It’s pretty strange for an American-designed game to get a spinoff specifically for the Japanese market. And yet here we are with Klaymen Gun Hockey, developed by a company called KIDSMIND and published by Riverhill Soft, who also published the other Klaymen games in Japan. It’s pretty much just air hockey, except you shoot the puck with guns. On the playing field there are several power-ups that can block your goals, unleash multiple pucks, or speed up the movement. The player with the highest score when the time limit runs out wins. And that’s pretty much it. It’s incredibly simplistic, especially since the gun aims towards the puck anyway.
The whole game reeks of a cash-in. There are absolutely no claymation sequences, just some hand-drawn stills that tell the “story” of Klaymen’s quest to play everyone in the Neverhood in Gun Hockey. There are only a handful of characters, including Klaymen, Willie, Klogg, Hoborg and Weasel (the big plant thing from the first game). The music is depressingly bland too. It’s interesting to see the Klaymen characters rendered in 3D, at least. Gun Hockey feels like it would be a great minigame in another title, but as a standalone release (even a budget one – the retail price was set at 3800 yen), there’s little of interest in Gun Hockey outside of it being a mere curiosity.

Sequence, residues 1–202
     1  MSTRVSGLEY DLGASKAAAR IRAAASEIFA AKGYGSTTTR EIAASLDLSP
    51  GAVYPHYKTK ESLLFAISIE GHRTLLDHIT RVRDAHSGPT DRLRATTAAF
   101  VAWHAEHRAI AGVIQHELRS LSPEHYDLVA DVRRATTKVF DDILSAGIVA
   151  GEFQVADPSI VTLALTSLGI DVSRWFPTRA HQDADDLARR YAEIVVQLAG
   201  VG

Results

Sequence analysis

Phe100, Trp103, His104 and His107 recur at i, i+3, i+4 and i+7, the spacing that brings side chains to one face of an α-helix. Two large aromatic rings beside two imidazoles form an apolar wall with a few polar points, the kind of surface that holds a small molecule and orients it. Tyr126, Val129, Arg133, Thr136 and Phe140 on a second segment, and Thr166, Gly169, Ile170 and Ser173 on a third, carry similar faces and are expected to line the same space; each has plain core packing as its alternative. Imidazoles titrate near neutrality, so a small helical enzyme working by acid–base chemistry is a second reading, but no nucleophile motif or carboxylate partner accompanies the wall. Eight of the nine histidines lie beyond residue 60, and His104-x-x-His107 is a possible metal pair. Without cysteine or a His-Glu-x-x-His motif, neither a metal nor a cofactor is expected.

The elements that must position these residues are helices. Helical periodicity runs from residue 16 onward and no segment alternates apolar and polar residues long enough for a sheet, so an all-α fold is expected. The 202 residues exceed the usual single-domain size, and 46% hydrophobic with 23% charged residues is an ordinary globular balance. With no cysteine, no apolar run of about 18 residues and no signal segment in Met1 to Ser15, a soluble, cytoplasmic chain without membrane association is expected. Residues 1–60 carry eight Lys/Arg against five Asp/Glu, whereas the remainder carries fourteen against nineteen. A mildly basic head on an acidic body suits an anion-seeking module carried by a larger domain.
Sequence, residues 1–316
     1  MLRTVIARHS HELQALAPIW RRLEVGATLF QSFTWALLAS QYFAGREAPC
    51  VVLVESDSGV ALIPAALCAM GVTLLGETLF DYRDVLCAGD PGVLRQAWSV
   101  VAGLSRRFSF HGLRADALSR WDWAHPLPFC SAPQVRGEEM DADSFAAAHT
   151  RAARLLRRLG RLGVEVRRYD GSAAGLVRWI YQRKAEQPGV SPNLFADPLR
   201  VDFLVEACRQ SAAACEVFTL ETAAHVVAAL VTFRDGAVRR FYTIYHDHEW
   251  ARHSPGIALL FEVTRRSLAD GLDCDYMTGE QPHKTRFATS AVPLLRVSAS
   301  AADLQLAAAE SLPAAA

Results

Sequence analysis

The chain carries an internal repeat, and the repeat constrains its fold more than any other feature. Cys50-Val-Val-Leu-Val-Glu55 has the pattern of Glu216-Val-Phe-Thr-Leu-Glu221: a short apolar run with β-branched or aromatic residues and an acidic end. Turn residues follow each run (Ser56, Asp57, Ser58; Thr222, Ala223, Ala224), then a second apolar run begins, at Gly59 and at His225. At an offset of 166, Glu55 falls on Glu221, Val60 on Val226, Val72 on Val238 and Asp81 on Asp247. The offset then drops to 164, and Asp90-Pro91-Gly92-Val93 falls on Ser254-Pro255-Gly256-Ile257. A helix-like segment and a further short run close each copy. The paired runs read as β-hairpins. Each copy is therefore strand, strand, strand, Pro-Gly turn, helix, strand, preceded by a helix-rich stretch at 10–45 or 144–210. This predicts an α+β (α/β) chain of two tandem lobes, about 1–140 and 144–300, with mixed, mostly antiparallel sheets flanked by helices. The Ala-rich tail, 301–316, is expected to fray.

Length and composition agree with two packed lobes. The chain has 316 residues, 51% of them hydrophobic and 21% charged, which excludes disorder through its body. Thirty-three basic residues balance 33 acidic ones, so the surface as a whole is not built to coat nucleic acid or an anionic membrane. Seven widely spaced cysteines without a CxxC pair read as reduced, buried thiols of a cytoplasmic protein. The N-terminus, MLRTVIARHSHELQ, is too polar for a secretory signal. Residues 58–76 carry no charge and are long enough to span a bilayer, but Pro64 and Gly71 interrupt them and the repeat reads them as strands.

After Skullmonkeys, The Neverhood went on to make only one more game – Boombots for the PlayStation. Although Klaymen had a cameo as a hidden character, it was pretty far removed from everything they’d done before, and it pretty much flopped. The various members of The Neverhood are still around – Doug TenNapel has been working in cartoons, and Terry S. Taylor still composes music. Here’s hoping another company will step outside the usual boundaries of computer animation and bring us something as uniquely defined as The Neverhood Chronicles.